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Illegal Drug Consumption Among Female University Students

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The purpose of this research paper is to find out the situation and circumstances that lead individuals to illegal drug consumption. The research was accompanied by four separate studies on the causes of indulgence in drug use by women; which include “Drug Addiction among Females in Lahore” by Mubeen & Sharif (2007), “Perception of Drug Addiction among Turkish University Students” by Cirakoglu & Isin (2005), “Concepts of Chemical Dependency” by Doweiko (2006) and “Biological and Sociological Causes of Perversion” by Zaidi (1999). The study examines divergent sociological views by comparing this research and concludes that romantic desires, marital strife and biological features play a major role in women’s participation in illicit drug addictions.

Illegal Drug Consumption Among Female University Students

Illegal drugs apply to the possession and sale of drugs specifically banned under the prevailing rules. Excessive trafficking and illegal drug trafficking has intensified their distribution to adults, minors and children, resulting in serious health issues for consumers in their wake. There was a time when drug addiction was considered merely a male activity and women were not concerned with drug use. With the passage of time, it has become clear that illegal drug addiction is also common among women folk, the percentage of which is in constant increase all over the globe. Mubeen & Sharif (2007) conducted comprehensive research on the causes and effects of illicit drug addiction among women and presented facts and figures relating to the topic under review. Since they concentrated on women for their study, the individuals belonging to female gender were the unit of their analysis during the research process.

They selected fifty respondents belonging to age group between 25 to 35 years through random sampling. The researchers gave the illustration from historical perspective and analysed that opium had been the most popular illegal drug used to be cultivated in their region even before the partition of their motherland. Mubeen & Sharif viewed the very fact that use of opium, hash and heroin were common illegal drugs applied by the women in their area. But banishment on its cultivation enhanced its illegal trafficking and keeping a check on access to it has become difficult. “Even though the ban closed down drug legal outlets, the illicit availability and sale continued. (Mubeen & Sharif, 2007: p 3) Researchers have stated that too much opium cultivation restriction is the most significant reason for illegal drug trafficking in Pakistan.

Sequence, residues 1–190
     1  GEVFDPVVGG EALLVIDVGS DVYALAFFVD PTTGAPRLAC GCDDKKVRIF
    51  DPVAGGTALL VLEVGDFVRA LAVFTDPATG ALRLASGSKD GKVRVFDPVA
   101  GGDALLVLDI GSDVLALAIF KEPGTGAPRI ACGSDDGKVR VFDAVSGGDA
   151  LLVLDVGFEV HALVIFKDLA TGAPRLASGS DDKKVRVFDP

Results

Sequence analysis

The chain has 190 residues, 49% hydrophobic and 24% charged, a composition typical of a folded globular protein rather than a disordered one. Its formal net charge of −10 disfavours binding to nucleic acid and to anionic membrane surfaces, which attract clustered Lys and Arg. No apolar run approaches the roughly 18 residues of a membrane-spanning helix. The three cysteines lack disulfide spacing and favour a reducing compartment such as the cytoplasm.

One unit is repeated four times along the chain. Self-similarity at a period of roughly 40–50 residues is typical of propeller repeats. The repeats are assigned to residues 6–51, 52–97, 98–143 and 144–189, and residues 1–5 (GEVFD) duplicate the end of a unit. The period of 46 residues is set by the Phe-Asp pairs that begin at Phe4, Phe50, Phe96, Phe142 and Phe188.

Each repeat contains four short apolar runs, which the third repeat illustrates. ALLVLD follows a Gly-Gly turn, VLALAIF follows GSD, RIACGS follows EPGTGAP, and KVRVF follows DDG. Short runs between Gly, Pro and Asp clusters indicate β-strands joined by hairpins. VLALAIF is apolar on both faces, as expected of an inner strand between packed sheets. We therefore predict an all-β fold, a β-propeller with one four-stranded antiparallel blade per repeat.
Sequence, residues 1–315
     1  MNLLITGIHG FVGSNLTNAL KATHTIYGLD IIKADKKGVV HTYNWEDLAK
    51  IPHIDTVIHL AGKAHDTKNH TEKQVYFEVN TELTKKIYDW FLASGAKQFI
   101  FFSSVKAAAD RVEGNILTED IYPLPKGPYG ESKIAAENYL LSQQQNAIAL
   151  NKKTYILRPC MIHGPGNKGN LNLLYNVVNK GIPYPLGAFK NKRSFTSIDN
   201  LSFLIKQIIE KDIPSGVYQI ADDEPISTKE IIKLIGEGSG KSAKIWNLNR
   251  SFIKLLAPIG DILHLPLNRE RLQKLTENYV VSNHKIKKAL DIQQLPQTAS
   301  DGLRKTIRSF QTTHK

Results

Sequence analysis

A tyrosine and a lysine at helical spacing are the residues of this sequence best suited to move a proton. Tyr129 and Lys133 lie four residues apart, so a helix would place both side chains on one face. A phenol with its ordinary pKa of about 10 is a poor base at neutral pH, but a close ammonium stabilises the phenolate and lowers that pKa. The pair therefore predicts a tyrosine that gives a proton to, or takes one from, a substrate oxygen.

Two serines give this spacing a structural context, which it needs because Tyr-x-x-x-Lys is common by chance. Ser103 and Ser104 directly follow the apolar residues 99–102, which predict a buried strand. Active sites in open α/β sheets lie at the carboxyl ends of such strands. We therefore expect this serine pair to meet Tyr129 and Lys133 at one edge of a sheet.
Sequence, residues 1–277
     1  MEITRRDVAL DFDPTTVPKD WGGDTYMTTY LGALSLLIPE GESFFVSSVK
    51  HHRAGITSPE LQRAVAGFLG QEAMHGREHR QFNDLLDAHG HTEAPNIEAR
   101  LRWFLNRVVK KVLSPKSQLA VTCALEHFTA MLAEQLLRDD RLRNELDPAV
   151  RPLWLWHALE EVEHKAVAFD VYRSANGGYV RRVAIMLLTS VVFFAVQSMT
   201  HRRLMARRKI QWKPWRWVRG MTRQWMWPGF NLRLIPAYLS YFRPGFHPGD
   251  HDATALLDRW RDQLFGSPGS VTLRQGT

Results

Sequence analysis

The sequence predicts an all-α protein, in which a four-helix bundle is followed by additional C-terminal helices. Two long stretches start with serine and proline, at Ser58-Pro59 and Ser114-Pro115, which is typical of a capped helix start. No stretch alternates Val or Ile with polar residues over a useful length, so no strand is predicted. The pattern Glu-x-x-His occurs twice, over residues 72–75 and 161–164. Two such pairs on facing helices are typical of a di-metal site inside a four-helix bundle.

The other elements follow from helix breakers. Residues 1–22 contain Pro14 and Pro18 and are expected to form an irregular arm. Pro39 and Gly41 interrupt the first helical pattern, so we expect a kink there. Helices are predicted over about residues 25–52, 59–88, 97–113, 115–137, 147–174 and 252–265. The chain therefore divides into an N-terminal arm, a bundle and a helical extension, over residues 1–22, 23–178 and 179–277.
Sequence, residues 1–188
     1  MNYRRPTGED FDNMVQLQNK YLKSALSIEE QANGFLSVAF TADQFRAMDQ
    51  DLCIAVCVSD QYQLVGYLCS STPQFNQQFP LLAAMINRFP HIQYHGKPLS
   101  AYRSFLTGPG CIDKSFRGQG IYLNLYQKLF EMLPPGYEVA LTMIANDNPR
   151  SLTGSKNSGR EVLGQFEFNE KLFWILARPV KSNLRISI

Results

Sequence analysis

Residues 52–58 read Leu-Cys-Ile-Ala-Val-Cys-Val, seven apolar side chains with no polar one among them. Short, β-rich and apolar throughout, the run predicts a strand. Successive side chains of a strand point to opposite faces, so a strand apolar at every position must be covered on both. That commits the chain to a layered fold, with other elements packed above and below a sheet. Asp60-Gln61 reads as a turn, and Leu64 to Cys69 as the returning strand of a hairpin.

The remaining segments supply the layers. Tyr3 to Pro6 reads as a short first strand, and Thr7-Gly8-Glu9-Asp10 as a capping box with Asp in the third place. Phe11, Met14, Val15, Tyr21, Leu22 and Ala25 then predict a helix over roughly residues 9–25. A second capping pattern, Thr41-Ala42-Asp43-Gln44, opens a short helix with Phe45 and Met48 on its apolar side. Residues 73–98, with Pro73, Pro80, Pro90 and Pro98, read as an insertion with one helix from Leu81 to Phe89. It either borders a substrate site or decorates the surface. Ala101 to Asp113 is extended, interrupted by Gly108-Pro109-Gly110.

The strengths of their research include focus on female gender, historical perspective description, critical analysis of educational and household backgrounds. Exploring most dominant questions, i.e. Unsuccessful marriages and negligence of parents is remarkable that forced women towards addiction. “The data shows”, Mubeen & Sharif submit, “that most of the drug users had problems in their marriages and some of them had no chance of getting married.” (2007: p 4) The researchers developed the questionnaire as the tool for data collection, which consisted of both open-ended and close-ended questions. For data collection, The researchers made personal visits to each respondent. Their research showed that negligence on the part of parents , family members and elders encouraged women to take illegal drugs and consequently get adduced. The research has also named mental breakdown as well as financial and domestic concerns as one of the most important causes of women’s drug addiction. There are many weaknesses too in this research, as the researchers have selected very few respondents from the age-group of 14-15 years as well as 36-45 years. In addition, they did not broaden their research up to disclosing more reasons behind drug addiction. The questionnaire cannot be viewed as an adequate one, and discusses very few reasons of addiction only. The flaws can also be observed in sampling.

Doweiko (2006) has also discussed the problem in his famous book “Concepts of Chemical Dependency”. He has analysed the problem among the adolescents and women and referred to almost the same reasons behind drug addiction. Doweiko reinstates the views presented by Mubeen & Sharif in their research that   decline in family relationship has paved the way towards chemical dependency and use of illegal drugs. As family is the basic unit of a society and plays primary role in nourishment and socialization of young generation. Doweiko has completed his research focusing on adolescents and recommends therapeutic techniques for the drug addicts’ rehabilitation. He notes that young children are the society’s most sensitive stratum, looking for extreme care and attention from parents and elders. He cites family members as the sole responsible for the children’s emotional breakdown. The principal strengths of Doweiko ‘s work include his influence over the children’s behaviour and psychology. He cites many examples of different children, which were maltreated or sexually exploited and molested by their close relations, neighbours and even family members too. Doweiko views that the girls molested in childhood suffer from psychological problems and abnormality and seldom get adjusted during their adult years. Doweiko research maintains few drawbacks too, as he lays stress upon parents’ attention and counselling, but does not suggest biological and sociological traits man contains by birth as well as learns from society. Every drug addiction is not an outcome of parents’ negligence or molestation; rather, individuals have innate perversion and also learn deviant behaviour from society and environment, which he does not point out.